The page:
JUNE 2006: Home
The Magnificent Seven Print
Written by Niki Stojnic & Tricia Schug   
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Everything Old Is New Again
Professor, Department of History

ImageIt’s not often that a professor who specializes in medieval and Celtic history finds pop-culture parallels, but Robin Stacey hit the jackpot when the Lord of the Rings trilogy was reborn on the big screen.

She crafted her first class around the J.R.R. Tolkien trilogy in autumn of 2005 in response to suggestions from students who wanted to explore it further. The class uses Tolkien’s stories as a lens through which to look at England’s past, says Stacey. “That book drew quite a lot from Norse sagas. Tolkien is a fantastic author to use when exploring interesting issues regarding language and myth, the nature of heroism and the nature of evil.”

In fact, Stacey listens to her students quite a bit in creating her classes. Students look forward to seeing Stacey outside of class; they regularly visit her office hours and say she puts them at ease.

Stacey’s own college studies had her globe-trotting: the University of Colorado and Colorado College, the Université de Strasbourg (France), Oxford (England, where she spent two years learning Irish and Welsh) and Yale. She says a great teacher of modern French and Italian history started her down her current career path; “She was the sort that made you care more about the French Revolution than about your daily life.” Later, a paper on Irish monks that she was asked to do while teaching at Yale sealed her happy fate.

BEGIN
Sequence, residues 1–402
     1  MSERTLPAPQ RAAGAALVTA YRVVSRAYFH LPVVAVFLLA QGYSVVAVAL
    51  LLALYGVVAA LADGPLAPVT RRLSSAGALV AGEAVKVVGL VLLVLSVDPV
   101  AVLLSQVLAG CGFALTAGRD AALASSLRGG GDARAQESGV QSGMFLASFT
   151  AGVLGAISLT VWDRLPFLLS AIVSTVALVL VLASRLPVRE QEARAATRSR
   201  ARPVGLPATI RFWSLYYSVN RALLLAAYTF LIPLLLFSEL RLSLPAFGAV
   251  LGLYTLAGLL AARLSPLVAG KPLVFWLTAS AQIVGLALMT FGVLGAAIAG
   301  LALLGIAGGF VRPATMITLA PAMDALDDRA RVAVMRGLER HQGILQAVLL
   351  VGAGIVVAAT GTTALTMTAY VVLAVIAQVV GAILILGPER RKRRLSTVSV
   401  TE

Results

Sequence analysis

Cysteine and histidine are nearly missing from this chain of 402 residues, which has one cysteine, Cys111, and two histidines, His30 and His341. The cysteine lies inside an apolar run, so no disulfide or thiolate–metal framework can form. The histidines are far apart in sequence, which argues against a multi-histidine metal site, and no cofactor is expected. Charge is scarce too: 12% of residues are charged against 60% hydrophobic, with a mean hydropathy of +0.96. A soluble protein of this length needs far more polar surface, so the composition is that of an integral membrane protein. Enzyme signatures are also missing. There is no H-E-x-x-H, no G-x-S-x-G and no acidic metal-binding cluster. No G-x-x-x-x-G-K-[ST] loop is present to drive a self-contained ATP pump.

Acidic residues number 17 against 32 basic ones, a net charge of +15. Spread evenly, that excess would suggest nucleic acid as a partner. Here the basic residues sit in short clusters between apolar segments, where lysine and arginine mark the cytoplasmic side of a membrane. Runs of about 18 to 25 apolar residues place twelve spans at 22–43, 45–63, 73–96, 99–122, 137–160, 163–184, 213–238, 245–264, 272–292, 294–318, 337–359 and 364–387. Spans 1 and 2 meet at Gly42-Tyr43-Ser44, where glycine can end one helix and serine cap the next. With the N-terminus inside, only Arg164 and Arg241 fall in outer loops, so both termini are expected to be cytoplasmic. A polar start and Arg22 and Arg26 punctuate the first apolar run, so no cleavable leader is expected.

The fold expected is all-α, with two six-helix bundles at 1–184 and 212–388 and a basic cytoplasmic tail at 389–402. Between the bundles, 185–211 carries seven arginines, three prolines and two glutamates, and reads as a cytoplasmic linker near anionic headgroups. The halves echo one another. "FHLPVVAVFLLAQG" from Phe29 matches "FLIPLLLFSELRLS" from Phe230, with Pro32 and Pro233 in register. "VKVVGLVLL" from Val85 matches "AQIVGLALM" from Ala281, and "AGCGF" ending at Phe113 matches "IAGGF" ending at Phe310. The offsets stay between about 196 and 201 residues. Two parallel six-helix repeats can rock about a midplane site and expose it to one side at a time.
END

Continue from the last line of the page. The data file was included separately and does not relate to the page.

In addition to working towards making the popular Tolkien course a regular offering, Stacey is currently working on a book tentatively titled “Law as Literature in Medieval Wales.”

Stacey says she uses humor, primary sources and her “huge” medieval slide collection to get her pupils as excited as she is about medieval studies.

“What I really love is when someone had to take [my class] for a requirement, or the timing works for them,” she says, “and I can send them out of there really caring about this period or these people.”

Indeed, Jennifer Price, a former student, says, “I was immediately struck by [Stacey’s] enthusiasm for a period of history I had hitherto not given much thought towards. She made me care about the exploits of ‘barbarians,’ Romans and other peoples inhabiting the early medieval world—no easy task at 9:30 in the morning.”

“The best thing we can hope to do is to inspire passion,” says Stacey. “When a student is swept by a passion for something, whatever they go on to do, that passion will stay with them forever.”—Niki Stojnic

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